Can you take the turbo out of a Veloster for better mpg?

@xtrentonsmithx_177564 If this the Veloster you have a thread about with some kind of knock why are you even still looking at it ? Go find something that does not have you on the web asking questions.

1 Like

If you remove the turbo your mileage will probably worsen, and other issues are not unlikely.


Although every vehicle sold in this country has a “theoretical” fuel economy rating, the fact remains that this is not set in stone. How you drive and maintain your car will greatly affect the fuel economy. If you keep it maintained, and avoid driving aggressively, you can achieve decent fuel economy, even from a so-so car.

For example, keeping your tires properly inflated and allowing the car to accelerate slowly through all the gears will improve the fuel economy. So will rolling down the windows and turning off the A/C, and turning off the engine if you have to wait for more than two minutes (e.g. if you have to wait for a train to pass).

I have never gotten less than the rated fuel economy out of any car, except when it had engine/mechanical problems, and when ultimately repaired, the fuel economy improved.

1 Like

I am always astounded by the number of people who don’t do this. The typical driver seems to keep his/her vehicle in gear, with a foot on the brake pedal, rather than simply putting the vehicle into Park and shutting off the engine. Very wasteful!

If you want a steak for dinner, can you buy an eggplant and pretend it’s a steak? Sure. Will it work? Well, no.

With a traditional automatic transmission where there is loss from the torque converter certainly! I think using the shift lever to keep the transmission in a lower gear for a little bit longer than it normally would while accelerating can help reduce torque converter loss and improve over all economy. But doing this also increases engine inefficiency by having it run faster, so it’s a trade off. I have a car with a large gear ratio difference between 1st and 2nd gear, and I’ve been holding it in 1st during acceleration up to around 2800 RPM instead of the normal 2400 or so when it would normally shift and I think it helps a bit. I also increase the throttle a bit as the engine speed increases, since torque converter loss becomes less and less at higher engine RPM.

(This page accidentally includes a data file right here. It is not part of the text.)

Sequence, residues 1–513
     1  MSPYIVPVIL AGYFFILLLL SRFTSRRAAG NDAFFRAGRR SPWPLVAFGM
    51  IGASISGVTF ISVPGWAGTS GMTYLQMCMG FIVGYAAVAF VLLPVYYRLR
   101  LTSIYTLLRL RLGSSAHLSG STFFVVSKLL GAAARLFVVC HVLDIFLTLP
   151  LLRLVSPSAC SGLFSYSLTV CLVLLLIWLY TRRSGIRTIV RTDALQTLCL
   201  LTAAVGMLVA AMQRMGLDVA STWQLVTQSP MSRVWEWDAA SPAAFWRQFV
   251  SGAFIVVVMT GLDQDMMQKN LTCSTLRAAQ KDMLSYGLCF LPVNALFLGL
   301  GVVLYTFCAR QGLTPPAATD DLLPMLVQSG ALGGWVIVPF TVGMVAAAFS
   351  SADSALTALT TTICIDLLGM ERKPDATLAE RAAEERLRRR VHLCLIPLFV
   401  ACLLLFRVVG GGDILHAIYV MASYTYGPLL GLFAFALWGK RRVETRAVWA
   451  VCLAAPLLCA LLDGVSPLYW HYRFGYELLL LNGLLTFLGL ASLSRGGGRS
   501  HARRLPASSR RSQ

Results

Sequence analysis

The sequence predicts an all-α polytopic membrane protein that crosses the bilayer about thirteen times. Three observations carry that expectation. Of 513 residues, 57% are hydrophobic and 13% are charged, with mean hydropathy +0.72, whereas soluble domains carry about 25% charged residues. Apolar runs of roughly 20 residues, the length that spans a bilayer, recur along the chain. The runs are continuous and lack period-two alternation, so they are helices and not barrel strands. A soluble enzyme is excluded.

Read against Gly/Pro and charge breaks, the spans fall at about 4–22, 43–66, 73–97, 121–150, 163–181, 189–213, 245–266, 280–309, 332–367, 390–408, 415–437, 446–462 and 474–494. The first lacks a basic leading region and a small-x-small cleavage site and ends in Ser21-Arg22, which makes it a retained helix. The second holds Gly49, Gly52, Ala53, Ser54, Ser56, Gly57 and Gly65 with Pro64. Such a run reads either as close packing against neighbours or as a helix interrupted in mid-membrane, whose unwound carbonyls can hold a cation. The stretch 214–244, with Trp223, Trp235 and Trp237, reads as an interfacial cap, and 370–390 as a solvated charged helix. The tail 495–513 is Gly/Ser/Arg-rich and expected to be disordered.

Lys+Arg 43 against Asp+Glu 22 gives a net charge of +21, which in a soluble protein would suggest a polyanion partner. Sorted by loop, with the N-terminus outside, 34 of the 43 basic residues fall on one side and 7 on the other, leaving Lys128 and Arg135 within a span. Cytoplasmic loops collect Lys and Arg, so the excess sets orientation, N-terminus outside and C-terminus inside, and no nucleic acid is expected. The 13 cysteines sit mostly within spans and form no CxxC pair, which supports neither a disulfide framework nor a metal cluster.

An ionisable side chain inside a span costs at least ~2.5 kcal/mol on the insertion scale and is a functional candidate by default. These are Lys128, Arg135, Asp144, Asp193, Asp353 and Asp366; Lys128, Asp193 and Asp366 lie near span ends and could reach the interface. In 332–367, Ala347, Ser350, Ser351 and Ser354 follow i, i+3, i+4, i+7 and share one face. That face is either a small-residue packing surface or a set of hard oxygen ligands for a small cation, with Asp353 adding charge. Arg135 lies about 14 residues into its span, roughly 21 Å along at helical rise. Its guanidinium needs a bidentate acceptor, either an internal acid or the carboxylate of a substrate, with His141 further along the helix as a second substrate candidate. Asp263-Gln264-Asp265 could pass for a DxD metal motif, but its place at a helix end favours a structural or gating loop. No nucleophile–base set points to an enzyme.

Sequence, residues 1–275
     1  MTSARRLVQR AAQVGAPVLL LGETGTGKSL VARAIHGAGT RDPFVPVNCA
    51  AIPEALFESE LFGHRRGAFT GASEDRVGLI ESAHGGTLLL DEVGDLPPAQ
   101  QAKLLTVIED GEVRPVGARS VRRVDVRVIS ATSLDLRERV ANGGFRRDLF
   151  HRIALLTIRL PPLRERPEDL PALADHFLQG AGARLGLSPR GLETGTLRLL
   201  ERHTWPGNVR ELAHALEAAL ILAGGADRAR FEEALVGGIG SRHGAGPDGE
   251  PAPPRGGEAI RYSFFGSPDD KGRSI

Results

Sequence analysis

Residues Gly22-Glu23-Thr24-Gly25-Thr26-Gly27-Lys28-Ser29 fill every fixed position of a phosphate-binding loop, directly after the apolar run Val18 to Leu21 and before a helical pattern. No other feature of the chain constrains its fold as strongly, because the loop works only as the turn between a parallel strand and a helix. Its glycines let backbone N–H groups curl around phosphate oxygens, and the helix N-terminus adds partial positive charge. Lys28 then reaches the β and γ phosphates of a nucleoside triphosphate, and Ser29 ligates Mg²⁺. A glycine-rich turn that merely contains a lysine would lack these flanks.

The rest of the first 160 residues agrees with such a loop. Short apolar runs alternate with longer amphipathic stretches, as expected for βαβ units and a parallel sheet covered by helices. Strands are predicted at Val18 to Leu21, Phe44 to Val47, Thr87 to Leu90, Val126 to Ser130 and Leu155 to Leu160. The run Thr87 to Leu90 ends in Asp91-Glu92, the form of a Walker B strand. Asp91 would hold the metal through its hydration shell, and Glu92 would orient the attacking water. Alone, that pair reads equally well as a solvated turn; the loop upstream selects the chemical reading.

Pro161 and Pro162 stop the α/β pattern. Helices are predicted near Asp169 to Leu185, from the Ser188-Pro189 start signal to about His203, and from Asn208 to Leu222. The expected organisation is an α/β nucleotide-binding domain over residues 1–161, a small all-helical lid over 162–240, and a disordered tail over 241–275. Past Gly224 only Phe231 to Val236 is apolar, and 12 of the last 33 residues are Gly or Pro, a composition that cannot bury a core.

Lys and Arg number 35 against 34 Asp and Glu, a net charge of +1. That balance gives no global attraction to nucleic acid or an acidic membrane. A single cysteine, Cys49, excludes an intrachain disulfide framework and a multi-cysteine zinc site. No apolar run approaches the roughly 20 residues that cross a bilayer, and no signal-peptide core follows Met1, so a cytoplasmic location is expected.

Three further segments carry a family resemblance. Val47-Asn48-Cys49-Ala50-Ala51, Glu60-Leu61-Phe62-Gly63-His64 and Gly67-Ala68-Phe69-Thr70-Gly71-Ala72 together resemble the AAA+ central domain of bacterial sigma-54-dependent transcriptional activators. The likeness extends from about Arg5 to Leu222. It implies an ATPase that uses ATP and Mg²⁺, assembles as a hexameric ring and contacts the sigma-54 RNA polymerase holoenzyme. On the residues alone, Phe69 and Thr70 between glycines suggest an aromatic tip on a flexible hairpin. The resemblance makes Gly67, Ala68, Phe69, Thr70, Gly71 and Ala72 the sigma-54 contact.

With a manual transmission there is no lost efficiency by using full throttle with a naturally aspirated gasoline engine. A gasoline engine doesn’t become less efficient at full throttle as long as the RPM is steady. Keeping it between 1500 and 2500 RPM and flooring it during acceleration should actually improve fuel economy a bit.

You are not really saving much fuel that way . Actually I doubt if you are saving any at all.


I don’t know how to quote what someone said on this iPhone, but that last part of what you said…I’m not sure that’s correct. Fuel mileage is going to be somewhat inverse to rpm. Hence the high (low numerically) gear ratios cars get saddled with during a fuel crunch. Like 3.08 gears in a half ton truck…which are awful, btw.

1 Like

Automatic transmissions have universally had lockup torque convertors for over 25 years. The loss is only from a dead stop. Lockup occurs very quickly. Unlock occurs momentarily between shifts. This is all to reduce losses.

Not true, the more you open the throttle, the more acceleration you command and the more fuel you will use.


I thought the idea behind 8 speed automatic transmissions was that the shifts would occur at lower RPM while still giving acceptable acceleration in normal driving therefore using less fuel . Have I completly got that wrong .


And, it is worth noting that Studebaker’s automatic transmission (co-developed with Borg-Warner) had a lockup torque converter going back to 1950!